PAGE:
The Problem

Python is one of the most popular languages for a wide variety of applications. And for a very good reason: versatility. Python is used for everything ranging from one-off scripts to full blown services. This versatility, however, seems to have come at a cost. Unlike many of the “traditional” languages Python doesn’t have very well established and widely used design and architectural patterns. If one were to develop a web service using Java, they’d have Spring, Hibernate, and family. C# has ASP.NET, Entity Framework, etc. Python, on the other hand, gives the programmer complete freedom of choice on how to structure their code. While seasoned developers use this freedom effectively, others end up with a hacked together mess. There’s also a misconception that Python isn’t a true Object Oriented Language and hence general OOP principles like SOLID cannot be applied effectively. This is obviously wrong.

A moderately sized codebase can take a lot of help from a good Dependency Injection library. I came up with a very simple list of requirements:

  1. Python 3 support. Python 2 is effectively dead and I’d rather not have the overhead of compatibility layer.
  2. Straightforward and memorable API. Succinctness is one of the major strengths of Python. Our DI library should not require a bunch of factories and wrappers.
  3. Compatibility. As much as us developers like to start from scratch, it is counterproductive. Our library should work with any reasonably structured codebase without significant refactor. Also, we should be able to integrate it gradually with our code.

Following things are nice to have as well:

  1. Low footprint. Because very few things are better than a tiny library with no dependencies.
  2. No lock in. It is pain to move to an alternative if your codebase is littered with decorators from the current library.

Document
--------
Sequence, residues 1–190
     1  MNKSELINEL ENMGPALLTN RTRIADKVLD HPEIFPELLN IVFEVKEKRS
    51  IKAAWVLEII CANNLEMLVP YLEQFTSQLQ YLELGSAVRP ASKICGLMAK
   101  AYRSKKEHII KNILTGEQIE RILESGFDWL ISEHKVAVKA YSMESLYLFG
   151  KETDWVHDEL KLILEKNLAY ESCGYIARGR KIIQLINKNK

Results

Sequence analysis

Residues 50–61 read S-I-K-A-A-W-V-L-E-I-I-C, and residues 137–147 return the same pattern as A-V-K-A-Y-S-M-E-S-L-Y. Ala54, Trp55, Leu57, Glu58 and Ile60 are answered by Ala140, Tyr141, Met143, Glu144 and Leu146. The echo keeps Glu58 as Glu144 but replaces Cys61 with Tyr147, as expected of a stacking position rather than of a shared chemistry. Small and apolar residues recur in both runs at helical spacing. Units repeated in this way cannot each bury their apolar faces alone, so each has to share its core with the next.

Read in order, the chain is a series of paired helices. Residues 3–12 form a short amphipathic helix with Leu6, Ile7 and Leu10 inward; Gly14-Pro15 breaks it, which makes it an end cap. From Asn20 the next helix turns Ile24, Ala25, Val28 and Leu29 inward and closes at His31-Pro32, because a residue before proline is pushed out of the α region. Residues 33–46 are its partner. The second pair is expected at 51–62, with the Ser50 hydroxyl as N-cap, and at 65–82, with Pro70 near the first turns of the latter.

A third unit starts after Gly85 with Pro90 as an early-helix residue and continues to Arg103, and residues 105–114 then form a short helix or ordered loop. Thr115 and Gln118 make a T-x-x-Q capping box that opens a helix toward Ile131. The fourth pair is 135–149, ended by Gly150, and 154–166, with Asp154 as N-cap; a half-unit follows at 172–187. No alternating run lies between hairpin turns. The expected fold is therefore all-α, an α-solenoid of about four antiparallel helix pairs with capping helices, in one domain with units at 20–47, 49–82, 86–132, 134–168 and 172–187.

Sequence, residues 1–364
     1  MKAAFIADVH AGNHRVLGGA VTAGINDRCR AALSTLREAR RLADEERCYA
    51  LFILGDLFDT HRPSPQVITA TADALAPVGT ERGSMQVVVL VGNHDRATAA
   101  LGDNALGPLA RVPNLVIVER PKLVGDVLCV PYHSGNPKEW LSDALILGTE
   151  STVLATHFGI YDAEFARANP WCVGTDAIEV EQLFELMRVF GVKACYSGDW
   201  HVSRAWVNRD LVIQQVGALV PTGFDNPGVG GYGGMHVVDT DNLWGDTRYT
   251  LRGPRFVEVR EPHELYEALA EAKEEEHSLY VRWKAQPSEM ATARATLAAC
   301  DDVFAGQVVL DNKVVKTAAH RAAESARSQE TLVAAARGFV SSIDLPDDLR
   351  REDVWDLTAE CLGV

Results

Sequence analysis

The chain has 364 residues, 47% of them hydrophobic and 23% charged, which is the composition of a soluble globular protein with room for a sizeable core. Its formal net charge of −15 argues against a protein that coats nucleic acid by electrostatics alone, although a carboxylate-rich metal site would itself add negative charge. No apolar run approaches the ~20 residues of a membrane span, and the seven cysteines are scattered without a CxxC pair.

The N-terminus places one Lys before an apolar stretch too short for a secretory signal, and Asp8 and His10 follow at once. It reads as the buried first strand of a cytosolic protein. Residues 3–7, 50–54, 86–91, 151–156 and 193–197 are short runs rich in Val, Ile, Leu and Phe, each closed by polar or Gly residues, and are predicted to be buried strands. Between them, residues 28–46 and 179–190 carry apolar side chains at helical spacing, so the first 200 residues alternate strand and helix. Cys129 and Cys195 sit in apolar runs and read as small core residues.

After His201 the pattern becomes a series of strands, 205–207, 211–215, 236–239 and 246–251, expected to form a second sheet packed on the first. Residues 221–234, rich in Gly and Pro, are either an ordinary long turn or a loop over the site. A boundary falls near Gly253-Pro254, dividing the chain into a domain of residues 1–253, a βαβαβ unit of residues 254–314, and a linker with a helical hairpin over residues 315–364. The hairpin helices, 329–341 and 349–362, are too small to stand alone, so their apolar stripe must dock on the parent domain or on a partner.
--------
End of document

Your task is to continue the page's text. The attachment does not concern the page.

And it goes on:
Unfortunately, I could not find a package that ticked all the boxes. So, I set out to write my own.

Introducing Pychkari

Pychkari is a Dependency Injection Manager package for Python. Following snippet illustrates Pychkari’s core features:


Let’s see how Pychkari addresses our requirements.

Python 3 Support

Pychkari is built using Python 3. It supports any Python version after 3.4.

Succinct API

Pychkari DI container has easy to understand interface with register() and get() methods.


Introducing Pychkari into existing codebase is as simple as registering your services into the container. The container will automagically detect and inject dependencies based on constructor params. It will even handle snake_case, PascalCase, and camelCase gracefully. So, dep_one, DepOne, and depOne all resolve to the service DepOne out of box.
Want to override this behavior? Prefer to be more explicit? Just add type annotations to your constructor params like line 6 in the code above.


Pychkari has no dependencies beyond Python’s standard library. Pychkari itself is under 5KB!

No Lock In

Pychkari doesn’t require you to change your naming conventions, coding style, etc. More importantly, it doesn’t require you to add decorators, etc. to your classes. The classes remain completely portable.

So, there you have it. Download Pychkari and give it a try for your next project.

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